But in conversations with aides to nearly all the 16 known Republicans not taking health insurance for lawmakers, most are doing so not because of philosophical opposition to government-subsidized health care, but instead because it is most practical for them.

Representative Richard Nugent, R-Florida, has COBRA with the help of his state government, since he is a retired sheriff.

Others, like Representative Bill Johnson, R-Ohio, are veterans and already receive government benefits through the Veterans Affairs department.

And some, like Representative Mike Kelly, R-Pennsylvania, and Representative Daniel Webster, R-Florida, are not accepting the congressional health care benefit because they already have insurance through their own businesses back home.

But that decision is costing people like Webster a lot more money.

According to his chief of staff, Webster pays $1,200 a month for health insurance for his family, and would only be paying about $400 monthly if he accepted government benefits offered to him as a congressman.

"They all have Plan Bs," noted Democrat Joe Crowley. "The 46 million Americans who don't have insurance today don't have a Plan A."

Still -- regardless of their reasoning -- only a fraction of Republicans who voted to repeal the health care law are forgoing government-subsidized insurance for themselves.

Florida Representative Allen West, a Republican freshman elected with significant Tea Party support, is accepting the federal health care benefit. He dismisses Democratic accusations that he and other lawmakers like him are hypocrites.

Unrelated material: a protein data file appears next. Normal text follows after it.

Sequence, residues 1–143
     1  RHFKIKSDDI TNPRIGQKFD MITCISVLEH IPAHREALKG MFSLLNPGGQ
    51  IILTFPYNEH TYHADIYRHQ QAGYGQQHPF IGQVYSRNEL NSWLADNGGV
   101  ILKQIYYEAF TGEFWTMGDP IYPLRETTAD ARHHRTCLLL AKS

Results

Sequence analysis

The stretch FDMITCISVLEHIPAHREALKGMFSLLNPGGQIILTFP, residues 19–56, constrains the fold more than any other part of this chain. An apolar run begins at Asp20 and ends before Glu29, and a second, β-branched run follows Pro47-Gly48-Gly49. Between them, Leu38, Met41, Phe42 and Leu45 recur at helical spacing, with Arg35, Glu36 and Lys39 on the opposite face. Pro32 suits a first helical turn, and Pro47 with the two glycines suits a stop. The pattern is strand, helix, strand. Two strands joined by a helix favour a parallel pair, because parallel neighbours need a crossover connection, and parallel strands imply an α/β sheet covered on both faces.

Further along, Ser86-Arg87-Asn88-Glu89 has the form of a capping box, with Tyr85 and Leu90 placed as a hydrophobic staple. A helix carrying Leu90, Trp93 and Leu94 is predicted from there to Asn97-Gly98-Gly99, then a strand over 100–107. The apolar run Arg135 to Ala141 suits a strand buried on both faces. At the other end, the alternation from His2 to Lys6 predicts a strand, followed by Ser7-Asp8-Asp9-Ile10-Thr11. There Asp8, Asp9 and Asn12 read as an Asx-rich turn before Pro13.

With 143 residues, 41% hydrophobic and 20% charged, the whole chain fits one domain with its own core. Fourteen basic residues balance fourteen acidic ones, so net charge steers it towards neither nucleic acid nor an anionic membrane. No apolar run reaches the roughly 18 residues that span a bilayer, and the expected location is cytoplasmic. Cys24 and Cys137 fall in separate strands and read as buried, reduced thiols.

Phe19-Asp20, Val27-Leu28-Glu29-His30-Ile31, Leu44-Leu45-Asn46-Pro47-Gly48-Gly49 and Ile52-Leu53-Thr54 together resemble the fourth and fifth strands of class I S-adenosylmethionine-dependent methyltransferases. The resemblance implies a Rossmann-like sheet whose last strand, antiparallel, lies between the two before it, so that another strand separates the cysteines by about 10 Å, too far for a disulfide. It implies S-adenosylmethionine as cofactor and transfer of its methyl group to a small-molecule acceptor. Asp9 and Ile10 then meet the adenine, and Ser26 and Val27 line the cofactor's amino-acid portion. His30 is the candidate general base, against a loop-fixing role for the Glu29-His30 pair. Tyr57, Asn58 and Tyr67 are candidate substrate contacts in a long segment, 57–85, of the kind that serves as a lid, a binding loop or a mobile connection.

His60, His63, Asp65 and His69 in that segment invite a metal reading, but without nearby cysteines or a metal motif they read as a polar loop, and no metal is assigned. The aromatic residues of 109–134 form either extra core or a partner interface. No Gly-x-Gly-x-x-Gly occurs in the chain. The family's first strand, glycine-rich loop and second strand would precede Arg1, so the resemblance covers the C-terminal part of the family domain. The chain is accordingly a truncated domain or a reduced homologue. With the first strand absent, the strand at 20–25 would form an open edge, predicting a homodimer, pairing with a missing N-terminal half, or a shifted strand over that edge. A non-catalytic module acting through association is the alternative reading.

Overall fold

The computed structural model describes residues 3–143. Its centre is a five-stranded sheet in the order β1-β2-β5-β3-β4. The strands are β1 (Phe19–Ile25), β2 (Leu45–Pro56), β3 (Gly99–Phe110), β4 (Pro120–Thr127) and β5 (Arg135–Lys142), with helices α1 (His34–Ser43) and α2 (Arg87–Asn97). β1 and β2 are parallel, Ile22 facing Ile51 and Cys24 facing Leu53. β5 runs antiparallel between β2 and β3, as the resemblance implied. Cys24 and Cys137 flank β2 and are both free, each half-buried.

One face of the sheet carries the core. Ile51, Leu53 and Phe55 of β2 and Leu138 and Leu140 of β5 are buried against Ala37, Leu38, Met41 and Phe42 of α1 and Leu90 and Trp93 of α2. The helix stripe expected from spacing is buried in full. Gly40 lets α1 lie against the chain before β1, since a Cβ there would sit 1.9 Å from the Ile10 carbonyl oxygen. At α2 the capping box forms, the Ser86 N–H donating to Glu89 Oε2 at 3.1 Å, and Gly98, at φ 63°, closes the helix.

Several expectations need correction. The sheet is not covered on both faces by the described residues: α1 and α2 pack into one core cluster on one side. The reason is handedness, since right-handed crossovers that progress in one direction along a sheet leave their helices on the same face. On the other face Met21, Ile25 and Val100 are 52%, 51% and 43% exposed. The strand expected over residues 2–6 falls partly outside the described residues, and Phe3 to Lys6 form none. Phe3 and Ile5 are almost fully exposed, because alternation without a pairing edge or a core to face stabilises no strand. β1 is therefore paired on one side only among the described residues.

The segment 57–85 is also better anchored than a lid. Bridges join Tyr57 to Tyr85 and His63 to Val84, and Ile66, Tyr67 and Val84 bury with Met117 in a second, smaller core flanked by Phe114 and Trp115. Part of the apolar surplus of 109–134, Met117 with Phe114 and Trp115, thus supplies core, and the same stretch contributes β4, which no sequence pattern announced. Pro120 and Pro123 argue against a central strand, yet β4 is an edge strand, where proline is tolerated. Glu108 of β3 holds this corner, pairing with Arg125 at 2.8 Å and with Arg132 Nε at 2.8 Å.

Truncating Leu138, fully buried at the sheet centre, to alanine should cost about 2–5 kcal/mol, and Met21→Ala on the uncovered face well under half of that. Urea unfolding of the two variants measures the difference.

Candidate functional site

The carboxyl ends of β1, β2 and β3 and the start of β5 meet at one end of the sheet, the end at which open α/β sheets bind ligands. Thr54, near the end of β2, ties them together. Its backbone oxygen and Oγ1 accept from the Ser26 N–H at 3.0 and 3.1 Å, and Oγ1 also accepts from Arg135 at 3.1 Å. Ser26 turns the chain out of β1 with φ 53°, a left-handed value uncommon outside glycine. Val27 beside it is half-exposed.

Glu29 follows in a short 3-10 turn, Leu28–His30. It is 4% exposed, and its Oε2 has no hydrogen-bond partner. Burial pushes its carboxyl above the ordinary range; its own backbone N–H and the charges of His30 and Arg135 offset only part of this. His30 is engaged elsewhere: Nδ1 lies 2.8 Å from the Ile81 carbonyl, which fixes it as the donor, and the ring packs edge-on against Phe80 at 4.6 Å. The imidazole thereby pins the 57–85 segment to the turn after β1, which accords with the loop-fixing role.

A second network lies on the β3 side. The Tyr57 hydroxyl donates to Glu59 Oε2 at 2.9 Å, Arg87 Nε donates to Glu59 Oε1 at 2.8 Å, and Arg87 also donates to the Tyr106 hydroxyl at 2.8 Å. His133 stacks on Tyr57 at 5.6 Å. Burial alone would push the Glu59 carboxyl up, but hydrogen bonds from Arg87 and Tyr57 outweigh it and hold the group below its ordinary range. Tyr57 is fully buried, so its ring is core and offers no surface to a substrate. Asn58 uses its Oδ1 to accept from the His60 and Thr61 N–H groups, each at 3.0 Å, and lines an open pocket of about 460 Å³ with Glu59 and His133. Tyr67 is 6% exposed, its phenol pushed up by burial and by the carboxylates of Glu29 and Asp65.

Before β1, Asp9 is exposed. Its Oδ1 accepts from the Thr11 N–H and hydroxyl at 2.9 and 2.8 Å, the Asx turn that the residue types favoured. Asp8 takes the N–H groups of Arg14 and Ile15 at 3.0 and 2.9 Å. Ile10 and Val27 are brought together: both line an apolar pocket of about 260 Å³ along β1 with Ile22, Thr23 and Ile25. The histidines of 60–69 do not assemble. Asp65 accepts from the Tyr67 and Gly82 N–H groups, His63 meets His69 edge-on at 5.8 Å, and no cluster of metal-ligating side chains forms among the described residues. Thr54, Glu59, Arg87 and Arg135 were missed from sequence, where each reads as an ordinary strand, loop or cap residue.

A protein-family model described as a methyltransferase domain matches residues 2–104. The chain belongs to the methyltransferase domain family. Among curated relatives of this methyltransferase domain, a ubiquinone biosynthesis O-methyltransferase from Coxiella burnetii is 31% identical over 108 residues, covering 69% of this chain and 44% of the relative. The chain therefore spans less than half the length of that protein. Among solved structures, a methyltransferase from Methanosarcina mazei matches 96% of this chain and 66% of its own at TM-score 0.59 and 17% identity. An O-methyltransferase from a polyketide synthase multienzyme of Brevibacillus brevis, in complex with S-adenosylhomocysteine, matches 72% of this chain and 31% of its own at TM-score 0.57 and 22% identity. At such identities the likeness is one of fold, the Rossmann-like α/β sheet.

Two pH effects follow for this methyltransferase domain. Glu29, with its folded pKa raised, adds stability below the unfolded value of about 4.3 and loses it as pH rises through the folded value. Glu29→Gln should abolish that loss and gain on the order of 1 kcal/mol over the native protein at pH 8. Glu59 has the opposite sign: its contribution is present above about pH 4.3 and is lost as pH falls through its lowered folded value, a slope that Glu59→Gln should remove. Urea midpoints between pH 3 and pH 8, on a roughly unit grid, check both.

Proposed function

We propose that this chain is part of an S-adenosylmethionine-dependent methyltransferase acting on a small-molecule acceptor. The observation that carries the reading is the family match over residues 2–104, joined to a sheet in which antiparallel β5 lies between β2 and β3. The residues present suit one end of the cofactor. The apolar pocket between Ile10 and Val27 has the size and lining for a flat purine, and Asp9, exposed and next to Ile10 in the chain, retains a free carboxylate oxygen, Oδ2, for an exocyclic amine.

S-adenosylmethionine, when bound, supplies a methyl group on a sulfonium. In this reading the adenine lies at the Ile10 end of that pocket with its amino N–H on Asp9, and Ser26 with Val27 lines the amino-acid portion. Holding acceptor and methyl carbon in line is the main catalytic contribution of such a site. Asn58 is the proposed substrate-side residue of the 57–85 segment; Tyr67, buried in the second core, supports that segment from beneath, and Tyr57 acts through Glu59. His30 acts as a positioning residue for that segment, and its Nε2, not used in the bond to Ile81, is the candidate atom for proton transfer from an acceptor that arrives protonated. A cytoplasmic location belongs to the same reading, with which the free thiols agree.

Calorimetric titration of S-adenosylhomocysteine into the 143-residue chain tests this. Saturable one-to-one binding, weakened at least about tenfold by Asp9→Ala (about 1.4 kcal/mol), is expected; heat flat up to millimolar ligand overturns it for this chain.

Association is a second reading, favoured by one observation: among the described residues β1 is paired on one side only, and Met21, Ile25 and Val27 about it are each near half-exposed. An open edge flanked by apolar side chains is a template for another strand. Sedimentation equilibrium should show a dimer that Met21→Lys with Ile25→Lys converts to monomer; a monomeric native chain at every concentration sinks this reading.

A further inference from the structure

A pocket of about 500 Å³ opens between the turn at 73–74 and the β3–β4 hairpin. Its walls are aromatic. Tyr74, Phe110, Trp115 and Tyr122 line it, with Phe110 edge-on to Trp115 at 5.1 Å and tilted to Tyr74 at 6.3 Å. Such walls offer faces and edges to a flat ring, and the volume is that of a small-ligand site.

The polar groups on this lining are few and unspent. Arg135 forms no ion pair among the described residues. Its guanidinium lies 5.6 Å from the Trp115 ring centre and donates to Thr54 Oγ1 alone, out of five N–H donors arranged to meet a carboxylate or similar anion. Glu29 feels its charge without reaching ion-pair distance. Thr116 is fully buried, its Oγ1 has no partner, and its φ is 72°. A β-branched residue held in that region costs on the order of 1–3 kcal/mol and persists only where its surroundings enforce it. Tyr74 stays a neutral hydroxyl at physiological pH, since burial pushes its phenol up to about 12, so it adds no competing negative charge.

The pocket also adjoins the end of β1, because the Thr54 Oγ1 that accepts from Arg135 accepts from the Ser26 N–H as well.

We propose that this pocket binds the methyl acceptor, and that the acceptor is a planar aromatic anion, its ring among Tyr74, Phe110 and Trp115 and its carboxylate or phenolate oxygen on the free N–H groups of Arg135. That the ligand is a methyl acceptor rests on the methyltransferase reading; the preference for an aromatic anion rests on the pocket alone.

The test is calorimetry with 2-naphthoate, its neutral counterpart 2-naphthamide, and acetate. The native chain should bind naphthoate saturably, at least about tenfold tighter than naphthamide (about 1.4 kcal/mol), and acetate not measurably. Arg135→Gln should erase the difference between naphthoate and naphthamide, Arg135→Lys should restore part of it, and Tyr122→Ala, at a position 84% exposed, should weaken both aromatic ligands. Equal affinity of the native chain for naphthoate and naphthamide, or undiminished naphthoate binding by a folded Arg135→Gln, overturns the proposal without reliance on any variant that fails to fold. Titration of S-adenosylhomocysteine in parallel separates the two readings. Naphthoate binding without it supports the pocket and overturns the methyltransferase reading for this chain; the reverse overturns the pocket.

West calls that Democratic "propaganda."

GOP leadership aides insist there is nothing wrong with lawmakers, including House Speaker John Boehner, accepting government-subsidized health care benefits, since the government is their employer.

"The speaker, like President Obama, Senator Harry Reid and tens of millions of other Americans, gets his health coverage through his employer. That has nothing to do with opposition to Washington Democrats' unconstitutional, job-destroying health care law," said Michael Steel, spokesman for House Speaker John Boehner.

They may be small in number, but some of Boehner's freshmen GOP colleagues disagree. They say their opposition to the health care law is in fact connected to the government-subsidized insurance offered to them.

Representative Paul Gosar, R-Arizona, is a freshman declining the federal benefits for philosophical reasons.

According to spokeswoman Stephanie Zimmerman, Gosar has a health savings account for his family, and has seen his premiums increase 30% in the last year.

Zimmerman said if Gosar were to opt in to federal health benefits, he would be able to cover his entire family for about $300 a month. Under his current plan, he has to pay approximately $1,700 a month out of pocket.

"He made a promise to his constituents that he would not take members' health benefits because he wanted to live like everyone else in his district," Zimmerman said.